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Gkam84 [9092 posts] 2 years ago
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For those of you who may be having a contract upgrade soon.

See if you can get a Sony Xperia Z (Z1, Z Ultra or Z Compact)

They all come in at IP55-58

IP68 is the largest rating a phone can get. As Dave suggests in his article, it does go upto 9, which is rated at 9k, but phones are only tested to 8, 9k is used for vehicles, car washes...etc

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MrGear [87 posts] 2 years ago
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Much as I love my Garmin Edge 800, I can't help but wonder why they didn't use a smartphone as a basis for the hardware, android as the operating system, and most of the features of the unit simply an app... It would have cost much less to develop and would have been much less clunky than the interface that they ended up using.

A simple "case-mod" on teh hardware to make it more waterproof and mountable and you are there.

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davebinks [152 posts] 2 years ago
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Having just bought a Garmin Edge Touring sat nav, my biggest gripe is the route the blinking thing chooses.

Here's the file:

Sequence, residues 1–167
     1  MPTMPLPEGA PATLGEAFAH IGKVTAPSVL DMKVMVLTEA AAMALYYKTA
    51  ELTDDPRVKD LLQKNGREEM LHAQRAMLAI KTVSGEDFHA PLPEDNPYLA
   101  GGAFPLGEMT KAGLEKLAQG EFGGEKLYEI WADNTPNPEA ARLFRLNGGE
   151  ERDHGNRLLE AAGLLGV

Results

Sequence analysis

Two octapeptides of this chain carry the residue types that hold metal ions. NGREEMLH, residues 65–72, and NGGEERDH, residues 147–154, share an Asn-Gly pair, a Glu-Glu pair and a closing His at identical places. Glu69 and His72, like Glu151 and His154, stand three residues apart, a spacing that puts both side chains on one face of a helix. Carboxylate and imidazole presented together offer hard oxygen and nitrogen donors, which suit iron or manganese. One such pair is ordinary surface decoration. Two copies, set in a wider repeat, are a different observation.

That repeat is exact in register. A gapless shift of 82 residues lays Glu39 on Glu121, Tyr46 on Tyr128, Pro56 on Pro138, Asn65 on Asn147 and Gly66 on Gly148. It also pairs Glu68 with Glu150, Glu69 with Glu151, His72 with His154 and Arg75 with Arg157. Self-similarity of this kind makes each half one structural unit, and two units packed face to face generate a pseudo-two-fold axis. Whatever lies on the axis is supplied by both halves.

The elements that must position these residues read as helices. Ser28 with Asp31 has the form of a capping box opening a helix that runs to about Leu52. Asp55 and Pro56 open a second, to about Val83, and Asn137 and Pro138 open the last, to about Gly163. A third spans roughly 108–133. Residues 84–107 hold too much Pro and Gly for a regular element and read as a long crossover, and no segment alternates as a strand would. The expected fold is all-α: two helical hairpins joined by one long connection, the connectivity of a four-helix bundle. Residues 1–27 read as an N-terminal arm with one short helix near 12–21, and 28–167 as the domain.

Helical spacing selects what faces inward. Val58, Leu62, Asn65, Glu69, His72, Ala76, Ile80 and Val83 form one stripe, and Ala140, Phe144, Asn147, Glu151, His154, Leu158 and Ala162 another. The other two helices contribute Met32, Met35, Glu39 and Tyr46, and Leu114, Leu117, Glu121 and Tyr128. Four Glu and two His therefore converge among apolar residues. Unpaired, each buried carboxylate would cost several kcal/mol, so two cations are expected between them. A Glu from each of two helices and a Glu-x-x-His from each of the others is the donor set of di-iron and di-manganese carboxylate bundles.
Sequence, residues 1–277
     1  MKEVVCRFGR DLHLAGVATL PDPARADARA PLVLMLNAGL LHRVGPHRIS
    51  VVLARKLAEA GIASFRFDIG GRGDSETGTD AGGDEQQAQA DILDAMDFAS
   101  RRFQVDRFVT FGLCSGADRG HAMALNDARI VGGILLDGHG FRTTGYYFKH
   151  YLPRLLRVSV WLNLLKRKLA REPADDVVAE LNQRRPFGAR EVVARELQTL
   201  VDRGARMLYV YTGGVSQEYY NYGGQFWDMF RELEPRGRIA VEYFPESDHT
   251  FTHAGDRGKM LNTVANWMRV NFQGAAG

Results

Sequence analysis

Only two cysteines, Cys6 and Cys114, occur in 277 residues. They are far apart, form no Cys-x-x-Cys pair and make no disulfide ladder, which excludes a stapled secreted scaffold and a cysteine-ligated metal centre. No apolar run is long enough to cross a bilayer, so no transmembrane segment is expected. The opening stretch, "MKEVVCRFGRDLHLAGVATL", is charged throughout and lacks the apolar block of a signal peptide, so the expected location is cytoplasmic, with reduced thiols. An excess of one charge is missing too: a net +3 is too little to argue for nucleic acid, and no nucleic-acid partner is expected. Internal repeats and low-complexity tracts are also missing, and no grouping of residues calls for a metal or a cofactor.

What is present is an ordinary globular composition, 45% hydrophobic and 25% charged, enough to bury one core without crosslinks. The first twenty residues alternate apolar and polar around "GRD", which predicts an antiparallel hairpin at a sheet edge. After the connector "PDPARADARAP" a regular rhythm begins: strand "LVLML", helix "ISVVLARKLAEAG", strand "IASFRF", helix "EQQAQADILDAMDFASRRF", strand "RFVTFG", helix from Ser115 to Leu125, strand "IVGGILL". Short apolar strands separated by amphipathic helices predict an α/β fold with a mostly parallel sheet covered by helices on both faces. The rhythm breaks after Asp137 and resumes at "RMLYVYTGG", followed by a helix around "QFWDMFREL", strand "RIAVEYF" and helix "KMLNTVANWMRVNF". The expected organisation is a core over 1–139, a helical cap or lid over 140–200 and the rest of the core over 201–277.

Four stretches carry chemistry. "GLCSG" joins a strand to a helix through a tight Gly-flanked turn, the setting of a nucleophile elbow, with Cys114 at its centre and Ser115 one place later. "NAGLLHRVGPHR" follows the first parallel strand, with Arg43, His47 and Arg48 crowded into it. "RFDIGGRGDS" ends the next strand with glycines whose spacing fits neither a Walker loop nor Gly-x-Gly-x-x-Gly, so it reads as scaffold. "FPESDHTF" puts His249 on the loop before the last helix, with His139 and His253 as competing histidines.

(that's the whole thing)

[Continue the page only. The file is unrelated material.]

It loves sending me up muddy tracks and so called "Cycleways" even when I've told it exactly where I want to go by downloading a pre-planned .gpx route.
It also loves taking me on a long detour just to avoid what it obviously thinks is a busy or dangerous route even though I think it's fine.

I'll have to try my smartphone as a sat-nav and see if it's any better. It can't be much worse.

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Sadoldsamurai [37 posts] 2 years ago
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Dave Atkinson wrote:
andycoventry wrote:

How can they get away with calling it a Phone 5, surely that can't be allowed so close to iPhone 5?...

so far as i'm aware apple don't have any claim to the word 'phone' or the number 5  3

But once they do you'll be laughing with all the royalties for floating the idea.  41

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Sadoldsamurai [37 posts] 2 years ago
0 likes
Dave Atkinson wrote:
andycoventry wrote:

How can they get away with calling it a Phone 5, surely that can't be allowed so close to iPhone 5?...

so far as i'm aware apple don't have any claim to the word 'phone' or the number 5  3

But once they do you'll be laughing with all the royalties for floating the idea.  41